No matter how much money any government – federal, state or local – puts into public education, it’s never enough in some people’s eyes.
A July 1 “NBC Nightly News” segment detailed a new use of tax payer dollars in one of the worst performing, financially struggling school systems in the country – the
“Keeping the exuberant sixth graders of
“In less than two years, Rhee has replaced nearly one in three of the principals and dozens of teachers, closed 23 failing schools and proposed six-figure salaries in exchange for tenure for teachers,” Brokaw said. “And she has put selected D.C. middle schools on the Capital Gains payroll run by a Harvard think tank. The cost of that program $2.7 million, half from D.C. taxpayers, half from a private grant. Through Capital Gains, kids can earn as much as $100 every two weeks, and many of them directly deposit it in a savings account.”
“This program is a bad method consisting of dangling goodies in front of kids rather than treating them respectfully as partners in the learning, married to a bad objective, higher scores on bad standardized tests,” Kohn said.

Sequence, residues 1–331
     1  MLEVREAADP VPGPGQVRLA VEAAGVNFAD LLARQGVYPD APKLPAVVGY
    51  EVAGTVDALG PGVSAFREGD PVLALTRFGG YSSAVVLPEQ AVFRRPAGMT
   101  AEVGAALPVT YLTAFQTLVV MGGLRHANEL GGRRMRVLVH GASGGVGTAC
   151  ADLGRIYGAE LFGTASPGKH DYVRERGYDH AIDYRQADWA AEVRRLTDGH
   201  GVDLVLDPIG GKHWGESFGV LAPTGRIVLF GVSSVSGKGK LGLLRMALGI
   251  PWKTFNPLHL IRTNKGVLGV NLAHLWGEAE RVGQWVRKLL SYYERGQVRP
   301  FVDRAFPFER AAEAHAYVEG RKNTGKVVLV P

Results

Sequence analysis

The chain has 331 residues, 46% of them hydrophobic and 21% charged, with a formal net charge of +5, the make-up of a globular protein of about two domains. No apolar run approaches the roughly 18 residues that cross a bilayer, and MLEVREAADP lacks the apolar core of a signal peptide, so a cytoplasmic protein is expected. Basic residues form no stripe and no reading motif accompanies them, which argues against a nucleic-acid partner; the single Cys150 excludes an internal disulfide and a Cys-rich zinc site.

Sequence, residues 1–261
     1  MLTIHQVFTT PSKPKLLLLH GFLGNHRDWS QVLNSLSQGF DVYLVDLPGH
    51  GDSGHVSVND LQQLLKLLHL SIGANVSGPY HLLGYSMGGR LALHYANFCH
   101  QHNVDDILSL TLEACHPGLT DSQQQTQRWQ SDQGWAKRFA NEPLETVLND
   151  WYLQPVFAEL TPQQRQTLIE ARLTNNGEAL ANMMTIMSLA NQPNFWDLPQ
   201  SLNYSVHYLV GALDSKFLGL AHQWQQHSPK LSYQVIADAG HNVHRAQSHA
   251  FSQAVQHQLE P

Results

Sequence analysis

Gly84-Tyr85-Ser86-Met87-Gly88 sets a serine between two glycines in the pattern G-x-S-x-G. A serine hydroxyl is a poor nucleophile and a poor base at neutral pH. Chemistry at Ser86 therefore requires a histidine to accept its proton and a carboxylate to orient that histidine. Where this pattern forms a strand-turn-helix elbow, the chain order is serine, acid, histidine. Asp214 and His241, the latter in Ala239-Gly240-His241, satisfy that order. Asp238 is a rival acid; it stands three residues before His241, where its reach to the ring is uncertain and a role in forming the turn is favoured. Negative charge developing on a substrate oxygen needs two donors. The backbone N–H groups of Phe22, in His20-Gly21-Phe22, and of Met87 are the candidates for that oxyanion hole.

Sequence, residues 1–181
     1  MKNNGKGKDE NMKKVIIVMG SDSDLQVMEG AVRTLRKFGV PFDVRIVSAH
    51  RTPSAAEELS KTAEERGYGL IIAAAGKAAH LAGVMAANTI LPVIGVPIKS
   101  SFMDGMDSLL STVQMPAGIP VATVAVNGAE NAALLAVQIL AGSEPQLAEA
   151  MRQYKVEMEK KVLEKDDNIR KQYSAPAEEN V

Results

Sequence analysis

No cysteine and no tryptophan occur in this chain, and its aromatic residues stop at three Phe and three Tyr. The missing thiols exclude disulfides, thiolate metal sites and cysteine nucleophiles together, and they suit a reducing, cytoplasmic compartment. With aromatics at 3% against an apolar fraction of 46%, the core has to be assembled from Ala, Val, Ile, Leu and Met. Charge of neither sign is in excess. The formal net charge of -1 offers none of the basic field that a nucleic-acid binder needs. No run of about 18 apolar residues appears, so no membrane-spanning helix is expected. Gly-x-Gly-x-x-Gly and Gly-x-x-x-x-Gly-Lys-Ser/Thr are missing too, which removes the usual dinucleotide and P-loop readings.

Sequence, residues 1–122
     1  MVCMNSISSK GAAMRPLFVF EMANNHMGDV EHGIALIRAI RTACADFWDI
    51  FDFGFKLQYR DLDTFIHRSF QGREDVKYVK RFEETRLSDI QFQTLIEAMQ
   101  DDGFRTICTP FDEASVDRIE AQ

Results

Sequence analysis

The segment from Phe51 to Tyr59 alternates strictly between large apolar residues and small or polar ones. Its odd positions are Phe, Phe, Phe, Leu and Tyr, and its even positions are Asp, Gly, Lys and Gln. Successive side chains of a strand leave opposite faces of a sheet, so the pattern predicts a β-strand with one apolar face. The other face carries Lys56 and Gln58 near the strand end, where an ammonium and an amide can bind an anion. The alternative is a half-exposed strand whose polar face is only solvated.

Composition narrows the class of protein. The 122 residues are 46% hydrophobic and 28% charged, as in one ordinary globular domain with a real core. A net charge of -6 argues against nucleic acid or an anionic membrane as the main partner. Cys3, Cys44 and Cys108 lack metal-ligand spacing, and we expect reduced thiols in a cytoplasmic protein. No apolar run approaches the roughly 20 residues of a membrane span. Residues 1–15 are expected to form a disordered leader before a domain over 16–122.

And Brokaw’s segment ignored the financial woes that have been facing the D.C. schools. Recently, Rhee went to head-to-head with the D.C. Council on enrollment figures, which would determine budget funding system for the system. According to the June 3 Washington Examiner, the council and Rhee bickered over several million dollars in funding based on enrollment figures. Rhee threatened the council with mass layoffs before a compromised was eventually reached that left $3.3 million on the table pending the outcome of an enrollment audit.